Sequence pattern contribution to MalariaSED

To estimate the sequence contributions to MalariaSED predictions, we predict chromatin profile changes by generating all possible SNSs along with each site of the k-mer sequence. Each 200-bp region predicted as positive from MalariaSED was extended by 400 bp in both directions, resulting in a 1-kb sequence window. SNS generation was then performed for every positive 1 kb bp region covering all 4-mer or 5-mer sequences. For each 4/5-mer sequence, we took the average chromatin effects resulting from all SNSs as the contribution to MalariaSED. The effect of an SNS on a specific chromatin marker was measured by the absolute value of log2-fold change of odds predicted from MalariaSED. This measurement was also successfully utilized to evaluate the chromatin effects of genomic variants in the human genome [24, 32].

Functional enrichment for geographic differential variants at intergenic regions

The intergenic variants presenting high geographic differential (Fst > 0.1) from MalariaGEN partner studies [8] were selected for this analysis. We further picked up the geographic differential variants predicted to change the particular chromatin profile at the top 1% level to explore the potential biological function change. A gene is used for functional enrichment analysis if its distance to at least one selected variant using the abovementioned criteria is shorter than 3 kb. To identify GO terms enriched in the gene list of interest, Fisher’s exact test was used to test whether more genes with this GO term were observed compared with the background comprising the whole genome.

Chromatin profile prediction surrounding eQTLs

We downloaded 13,257 eQTLs from the TRACI study [1]. Only local intergenic eQTLs (15 kb between an eQTL and its regulated target(s)) were selected for the positive dataset in DL predictions. We strengthened the ART-R-associated eQTLs by the cutoff of an absolute value of 0.1 for the adjusted Spearman correlation between the eQTL-regulated transcriptional profile and parasite clearance time. All SNSs gathered in MalariaGene [8] are used as the negative dataset. Each reported eQTL or SNS is extended to include the surrounding 1-kb DNA sequence to fit the input requirement of MalariaSED. The chromatin effects of each variant were measured by the log2-fold change difference of odds, which was previously used in human genetic studies [32].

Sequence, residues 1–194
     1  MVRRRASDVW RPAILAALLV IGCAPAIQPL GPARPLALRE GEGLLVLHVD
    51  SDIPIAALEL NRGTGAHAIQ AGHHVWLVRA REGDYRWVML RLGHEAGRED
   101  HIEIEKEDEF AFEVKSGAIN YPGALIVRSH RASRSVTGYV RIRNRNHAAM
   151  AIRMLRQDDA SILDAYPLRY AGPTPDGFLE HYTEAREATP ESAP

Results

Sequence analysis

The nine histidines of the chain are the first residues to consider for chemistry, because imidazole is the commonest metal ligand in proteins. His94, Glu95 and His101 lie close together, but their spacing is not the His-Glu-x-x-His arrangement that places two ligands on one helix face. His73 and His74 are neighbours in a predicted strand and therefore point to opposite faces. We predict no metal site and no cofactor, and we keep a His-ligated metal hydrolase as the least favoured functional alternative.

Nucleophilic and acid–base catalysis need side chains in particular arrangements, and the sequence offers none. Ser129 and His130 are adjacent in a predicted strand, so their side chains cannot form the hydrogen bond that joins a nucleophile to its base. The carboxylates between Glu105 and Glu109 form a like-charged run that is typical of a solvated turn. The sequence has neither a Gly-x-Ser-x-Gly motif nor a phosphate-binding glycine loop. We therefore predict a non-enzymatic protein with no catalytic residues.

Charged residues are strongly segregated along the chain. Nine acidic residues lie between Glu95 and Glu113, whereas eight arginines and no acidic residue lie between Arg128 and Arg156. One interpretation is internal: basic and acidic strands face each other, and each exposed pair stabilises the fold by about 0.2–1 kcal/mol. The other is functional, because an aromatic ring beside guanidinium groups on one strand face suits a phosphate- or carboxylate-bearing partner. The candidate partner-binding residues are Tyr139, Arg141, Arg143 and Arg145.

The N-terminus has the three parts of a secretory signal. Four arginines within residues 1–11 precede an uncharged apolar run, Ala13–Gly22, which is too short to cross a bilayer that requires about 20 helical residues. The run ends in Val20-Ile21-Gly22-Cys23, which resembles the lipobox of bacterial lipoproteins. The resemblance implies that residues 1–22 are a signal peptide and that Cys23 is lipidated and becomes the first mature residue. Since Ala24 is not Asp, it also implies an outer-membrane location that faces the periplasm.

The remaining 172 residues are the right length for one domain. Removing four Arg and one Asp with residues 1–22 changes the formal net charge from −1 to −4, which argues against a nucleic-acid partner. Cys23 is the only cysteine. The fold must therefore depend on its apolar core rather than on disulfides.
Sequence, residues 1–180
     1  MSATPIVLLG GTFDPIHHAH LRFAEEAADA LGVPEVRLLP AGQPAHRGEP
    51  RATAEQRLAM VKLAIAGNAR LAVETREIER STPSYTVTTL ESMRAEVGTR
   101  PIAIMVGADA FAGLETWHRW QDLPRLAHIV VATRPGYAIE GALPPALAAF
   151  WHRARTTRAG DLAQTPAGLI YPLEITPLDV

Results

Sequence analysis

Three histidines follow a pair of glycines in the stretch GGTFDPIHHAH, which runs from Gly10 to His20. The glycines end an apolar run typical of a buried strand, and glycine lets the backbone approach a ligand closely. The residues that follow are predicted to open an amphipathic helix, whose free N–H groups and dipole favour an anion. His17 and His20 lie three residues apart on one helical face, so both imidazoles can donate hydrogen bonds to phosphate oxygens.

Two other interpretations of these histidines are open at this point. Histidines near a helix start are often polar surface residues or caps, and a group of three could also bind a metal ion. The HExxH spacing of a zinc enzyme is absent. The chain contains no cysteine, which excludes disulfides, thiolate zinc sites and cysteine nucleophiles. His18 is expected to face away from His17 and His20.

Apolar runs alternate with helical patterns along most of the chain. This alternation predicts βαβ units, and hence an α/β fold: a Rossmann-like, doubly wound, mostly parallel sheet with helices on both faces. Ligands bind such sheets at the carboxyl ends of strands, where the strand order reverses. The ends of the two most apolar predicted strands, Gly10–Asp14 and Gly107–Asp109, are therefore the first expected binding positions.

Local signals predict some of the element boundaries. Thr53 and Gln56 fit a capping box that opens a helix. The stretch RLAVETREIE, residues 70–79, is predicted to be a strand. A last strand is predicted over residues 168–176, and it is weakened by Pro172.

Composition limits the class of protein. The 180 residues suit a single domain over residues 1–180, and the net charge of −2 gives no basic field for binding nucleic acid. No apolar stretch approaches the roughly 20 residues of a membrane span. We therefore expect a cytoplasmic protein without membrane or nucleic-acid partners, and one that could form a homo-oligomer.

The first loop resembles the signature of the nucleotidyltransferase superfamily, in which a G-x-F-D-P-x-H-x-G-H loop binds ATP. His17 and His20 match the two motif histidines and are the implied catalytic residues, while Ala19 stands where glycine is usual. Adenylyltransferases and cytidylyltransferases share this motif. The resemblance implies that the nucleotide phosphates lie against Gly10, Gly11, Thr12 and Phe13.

Availability of data and materials

MalariaSED was trained in ATAC-Seq profiles (GEO: GSE104075 [28]) and nine ChIP-seq datasets, including PfAP2-I (GEO: GSE80293 [5]), PfAP2-G (GEO: GSE120448 [6]), PfAP2-G5 (GEO: GSE184659 [34]), PfBDP1 and histone modification H3K9ac [7], from P. falciparum RBCs to the gametocyte stage and two ChIP-Seq datasets for PbAP2-O (GEO: GSE184659 [29]), and PbAP2-G2 in P. berghei (GSE66190 [30]). 1.3 million noncoding variations were collected by MalariaGEN v6.0 [8]. A total of 13,257 eQTLs were downloaded from the TRACI study [1]. Source code for Enformer is available at GitHub [46].

MalariaSED is implemented in Python. Its source code is available under the MIT open-source license. The source code for running and training MalariaSED models is available at [47] and Zenodo (, [48]).

The MalariaSED web portal for 15 epigenetic profile predictions for malaria parasites is at


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We thank the USF Genomics Program Omics Hub for the productive discussion. We express our gratitude to Dr. Zbynek Bozdech’s lab at Nanyang Technological University for the invaluable guidance in utilizing the TRAC data. We appreciate MalariaGEN for providing support for using their collected large-scale genomic variants data. We thank Dr. Derek Wildman and Dr. Monica Uddin for their long-time support. We appreciate Dr. Ian Cheeseman from the Texas Biomedical Research Institute for providing the noncoding de novo mutations data. We appreciate Dr. Michael Duffy from the University of Melbourne for the guidance in using their published ChIP-seq data. We appreciate Dr. Shijun Shen and Dr. Qingfeng Zhang from Tongji University for the guidance in using their published ChIP-seq data.